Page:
ONE OF the fundamental principles of the osteopathic discipline is that the body is a self healing mechanism. Just think about that idea for a moment.
It could be rephrased as ‘the body solves its own problems’ or ‘the body gets itself better’. Does this make sense? Well, yes, if you, for example, cut your finger, initially it bleeds and the wound gapes open, but very quickly the bleeding slows and stops, and the wound edges draw together. A temporary sealing of the wound occurs and, quite quickly after that, new skin forms, the damaged tissue underneath is repaired and then replaced, and low and behold, your finger is as good as new! This happens without any outside input. No one has to make this happen, it just does, because the body is a self-healing mechanism.
So now, if we turn our attention to ear problems and most especially to recurrent ear infections, or otitis media, the question to ask is what has gone wrong with the self healing mechanism? To answer this question, we need to look at the basic anatomy of the ear.
The bone that makes up the side of the head, where the ear is located, is called the temporal bone. It is made up of three parts: the squamous, which is mostly above the ear canal and forms part of the side of the head, the mastoid, which is the pointed part just below and behind the ear, and the petrous portion, which is inside the head. This petrous part contains the workings of the ear and this is where ear infections happen.
If you were to take a walk down your ear canal, you would come to a wall – this is the tympanic membrane, or eardrum. This makes an effective seal and vibrates when you hear any noise. It passes this vibration on to the little bones in the ear, which, in turn, send the sound through to the nerve and so to the brain, where it is decoded and you know what it is you have heard.
Next, you will go past the semicircular canals, which are fundamental to your sense of balance, then you take a turn downwards and can pass out of the ear and into the Eustachian tube. Follow this down and you will come out at the back of your throat near your tonsils. There is also a connection in the middle ear with the sinuses and the nasal passages. There is a lot of activity in these areas and waste products do build up, but the mechanism is designed to drain, so as to keep itself clean and free from infection.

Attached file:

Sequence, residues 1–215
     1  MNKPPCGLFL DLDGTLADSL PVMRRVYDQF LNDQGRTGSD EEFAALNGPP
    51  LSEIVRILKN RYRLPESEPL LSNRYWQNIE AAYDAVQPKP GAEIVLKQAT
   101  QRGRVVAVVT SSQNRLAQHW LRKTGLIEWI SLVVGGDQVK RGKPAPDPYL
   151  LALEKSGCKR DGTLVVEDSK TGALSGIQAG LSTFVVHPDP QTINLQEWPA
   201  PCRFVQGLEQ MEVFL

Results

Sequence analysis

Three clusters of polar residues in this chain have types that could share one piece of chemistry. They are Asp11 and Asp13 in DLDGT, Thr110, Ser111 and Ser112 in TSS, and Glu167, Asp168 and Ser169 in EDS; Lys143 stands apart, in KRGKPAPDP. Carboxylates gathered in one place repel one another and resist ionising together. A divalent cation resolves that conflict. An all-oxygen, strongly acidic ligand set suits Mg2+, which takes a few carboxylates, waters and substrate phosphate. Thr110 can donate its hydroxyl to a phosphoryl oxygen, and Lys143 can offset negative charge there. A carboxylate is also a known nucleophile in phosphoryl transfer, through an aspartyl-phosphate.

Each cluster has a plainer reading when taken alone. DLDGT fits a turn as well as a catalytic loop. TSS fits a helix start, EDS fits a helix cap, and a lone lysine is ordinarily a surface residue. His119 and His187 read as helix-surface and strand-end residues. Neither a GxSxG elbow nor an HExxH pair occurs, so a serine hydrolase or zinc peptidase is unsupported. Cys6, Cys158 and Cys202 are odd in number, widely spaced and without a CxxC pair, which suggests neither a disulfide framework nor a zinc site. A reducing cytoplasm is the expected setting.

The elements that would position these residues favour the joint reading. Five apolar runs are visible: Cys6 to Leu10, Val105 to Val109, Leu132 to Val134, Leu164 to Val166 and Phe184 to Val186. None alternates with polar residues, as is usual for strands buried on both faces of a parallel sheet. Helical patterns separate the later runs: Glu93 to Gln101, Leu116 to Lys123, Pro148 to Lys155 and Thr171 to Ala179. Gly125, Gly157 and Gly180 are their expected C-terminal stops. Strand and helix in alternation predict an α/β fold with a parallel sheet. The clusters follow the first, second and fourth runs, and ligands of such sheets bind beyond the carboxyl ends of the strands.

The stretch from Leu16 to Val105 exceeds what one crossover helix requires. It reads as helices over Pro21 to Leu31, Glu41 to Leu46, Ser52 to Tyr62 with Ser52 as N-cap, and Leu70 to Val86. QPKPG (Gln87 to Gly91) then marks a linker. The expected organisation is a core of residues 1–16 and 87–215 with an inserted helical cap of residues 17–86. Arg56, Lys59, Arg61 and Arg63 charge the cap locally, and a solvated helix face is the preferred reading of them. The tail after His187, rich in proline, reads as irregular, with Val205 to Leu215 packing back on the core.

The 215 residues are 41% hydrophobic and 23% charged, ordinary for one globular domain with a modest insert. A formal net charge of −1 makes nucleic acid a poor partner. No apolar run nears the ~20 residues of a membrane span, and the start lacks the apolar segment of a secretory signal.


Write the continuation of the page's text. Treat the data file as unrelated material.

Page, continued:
As there are connections to the sinuses, nose and throat, any problems in these areas, which are open to the world, can rebound on the ear and vice versa. The most important thing for maintaining good health in these areas is good drainage, and for good drainage there must be good movement in the bones of the face and skull, most particularly in this case in the petrous bone. This movement flushes the middle ear out and pumps the waste down the Eustachian tube out into the throat.
There are bacteria and viruses in the air we breathe at all times and so the potential for infection is always there. This drainage mechanism stops any build up and so avoids any problems. The situation is slightly complicated in children, because their heads are underdeveloped, and the Eustachian tube is more horizontal, which makes drainage more difficult.
Antibiotic therapy relieves the acute stages of the problem, if it is a bacterial agent, but does not deal with the underlying cause, which is why this problem is so often recurrent. The only way to really change this is to get the temporal bone moving again and, for this, you need to see an osteopath, who works cranially, as they have the necessary skills.
An excellent aid to improving this whole area, which you can use yourself at home, is the Hopi Ear Candle. This was originally invented by the North American Indians and is a hollow tube of linen impregnated with essential oils. You put one end in your ear, far enough to make a seal, and then light the other end, burn the candle down to the red line and, when you open up the remainder, you will have all the earwax and so on in the bottom of your candle.
The candle is really a misnomer; it works using a chimney effect. The warmth and updraft of air stimulate the movement of the eardrum to soften and draw out the earwax. It is extremely gentle and can be used even if you have an active infection, when it will often relieve the pain greatly.
My daughter, who is now just nine years old, was prone to ear trouble when younger and I have used the candles on her to great benefit.
• If you want more information about alternative approaches to ear problems or to purchase ear candles, call Dr. Clarke on 917 464 672.